Object 1: Astrolabe
June 2, 2021
The first object is an astrolabe, a tool used by sailors during the Age of Exploration. It was a versatile instrument to find latitude of the sun, stars, and time. The astrolabe was initially developed by the Muslims in the 9th century, becoming a valuable object to their culture and religion. The astrolabe was commonly used by the Portuguese and Spanish explorers in the 15th and 16th centuries, allowing them to find their way to unknown countries such as India and Brazil. This granted civilizations to gain new knowledge of the world around them.
This would be enriching for the exhibition as this object was key in defining new knowledge, that ultimately contributed to cultural practices and traditions. It was crucial to the Portuguese to navigate through the oceans and meet with civilizations and cultures in Africa, the Americas and Asia. The astrolabe enabled Portuguese societies to gain a perception of the world and bring to Europe products to be traded, that before, were not accessible to European populations.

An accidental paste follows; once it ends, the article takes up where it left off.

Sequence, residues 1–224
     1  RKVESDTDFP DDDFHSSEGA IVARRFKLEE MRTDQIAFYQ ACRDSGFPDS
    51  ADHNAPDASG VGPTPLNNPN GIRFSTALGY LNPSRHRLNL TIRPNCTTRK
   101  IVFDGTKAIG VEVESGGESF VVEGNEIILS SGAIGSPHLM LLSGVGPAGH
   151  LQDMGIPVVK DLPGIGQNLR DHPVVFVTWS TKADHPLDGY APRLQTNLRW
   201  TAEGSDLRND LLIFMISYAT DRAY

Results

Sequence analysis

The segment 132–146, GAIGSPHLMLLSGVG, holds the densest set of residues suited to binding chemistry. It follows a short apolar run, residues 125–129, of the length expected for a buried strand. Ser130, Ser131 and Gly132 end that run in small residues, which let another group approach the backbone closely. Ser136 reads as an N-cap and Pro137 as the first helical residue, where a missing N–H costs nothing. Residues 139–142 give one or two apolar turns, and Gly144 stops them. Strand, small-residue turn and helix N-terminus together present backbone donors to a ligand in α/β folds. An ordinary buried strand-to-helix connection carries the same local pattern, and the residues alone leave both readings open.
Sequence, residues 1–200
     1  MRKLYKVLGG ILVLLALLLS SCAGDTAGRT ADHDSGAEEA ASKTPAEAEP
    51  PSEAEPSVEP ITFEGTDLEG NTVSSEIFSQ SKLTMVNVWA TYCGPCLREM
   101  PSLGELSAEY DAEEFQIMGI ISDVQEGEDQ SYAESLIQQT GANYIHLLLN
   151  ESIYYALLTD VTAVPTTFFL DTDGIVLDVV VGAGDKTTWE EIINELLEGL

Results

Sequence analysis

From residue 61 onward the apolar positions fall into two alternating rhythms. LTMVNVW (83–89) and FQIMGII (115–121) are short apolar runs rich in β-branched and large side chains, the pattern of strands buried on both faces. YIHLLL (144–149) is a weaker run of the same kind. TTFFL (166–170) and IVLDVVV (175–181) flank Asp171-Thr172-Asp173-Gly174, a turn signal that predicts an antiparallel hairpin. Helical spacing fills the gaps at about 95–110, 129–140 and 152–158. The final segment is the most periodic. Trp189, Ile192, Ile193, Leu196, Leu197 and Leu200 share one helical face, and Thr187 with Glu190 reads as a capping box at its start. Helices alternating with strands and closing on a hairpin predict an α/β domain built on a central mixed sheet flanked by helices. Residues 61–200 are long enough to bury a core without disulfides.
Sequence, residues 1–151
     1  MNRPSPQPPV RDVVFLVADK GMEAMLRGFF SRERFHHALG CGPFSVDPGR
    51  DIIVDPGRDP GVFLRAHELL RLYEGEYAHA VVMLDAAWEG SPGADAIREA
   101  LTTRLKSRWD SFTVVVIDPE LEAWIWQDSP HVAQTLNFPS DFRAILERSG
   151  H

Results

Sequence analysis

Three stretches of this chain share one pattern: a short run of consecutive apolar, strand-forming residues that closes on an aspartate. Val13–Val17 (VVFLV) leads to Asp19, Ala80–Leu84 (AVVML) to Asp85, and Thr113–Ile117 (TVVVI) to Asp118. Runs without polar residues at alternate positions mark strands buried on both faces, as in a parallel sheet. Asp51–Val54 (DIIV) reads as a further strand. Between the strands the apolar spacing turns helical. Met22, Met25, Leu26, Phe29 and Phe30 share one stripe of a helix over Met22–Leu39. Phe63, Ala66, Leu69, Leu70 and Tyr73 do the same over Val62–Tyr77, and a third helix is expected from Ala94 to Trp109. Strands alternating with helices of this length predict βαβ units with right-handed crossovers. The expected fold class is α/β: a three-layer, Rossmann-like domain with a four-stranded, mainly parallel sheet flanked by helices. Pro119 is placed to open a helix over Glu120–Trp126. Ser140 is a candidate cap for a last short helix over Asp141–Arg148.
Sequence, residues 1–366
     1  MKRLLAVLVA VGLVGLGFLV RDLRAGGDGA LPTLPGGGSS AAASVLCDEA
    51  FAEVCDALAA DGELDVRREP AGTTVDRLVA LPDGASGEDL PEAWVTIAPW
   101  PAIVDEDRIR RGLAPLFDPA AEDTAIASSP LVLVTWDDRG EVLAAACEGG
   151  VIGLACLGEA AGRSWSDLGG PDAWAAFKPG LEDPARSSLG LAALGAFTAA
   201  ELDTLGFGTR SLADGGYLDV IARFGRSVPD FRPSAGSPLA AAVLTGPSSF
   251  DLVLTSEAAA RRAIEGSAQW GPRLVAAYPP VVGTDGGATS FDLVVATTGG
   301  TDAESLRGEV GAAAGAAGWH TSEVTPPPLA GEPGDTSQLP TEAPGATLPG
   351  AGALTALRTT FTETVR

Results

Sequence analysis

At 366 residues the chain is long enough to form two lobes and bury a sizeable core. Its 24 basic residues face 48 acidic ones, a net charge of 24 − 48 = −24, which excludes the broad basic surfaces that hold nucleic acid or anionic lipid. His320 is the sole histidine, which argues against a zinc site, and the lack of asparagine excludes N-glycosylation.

For example, pepper is a spice brought by the Portuguese to Europe that became widely used in cultural practices. We can also see this object as a symbol of spirituality in Muslim cultures, helping astronomically determine prayer times and an aid in finding the direction to Mecca.
Interestingly, the astrolabe seems to have rehabilitated into the form of a modern-day phone. Just like previous civilizations that resided on Earth depended on such an object for direction, certainty, and decision-making, we too have our phones that helps us understand the world around us. Through the power of knowledge that the astrolabe gave to us, we were able to develop economically through mathematic calculations used from the object all the way to developments in the fields of science and technology. The relationship between culture and knowledge is clear here, they both need each other: just like society needed the astrolabe to accumulate a perception of the world around them.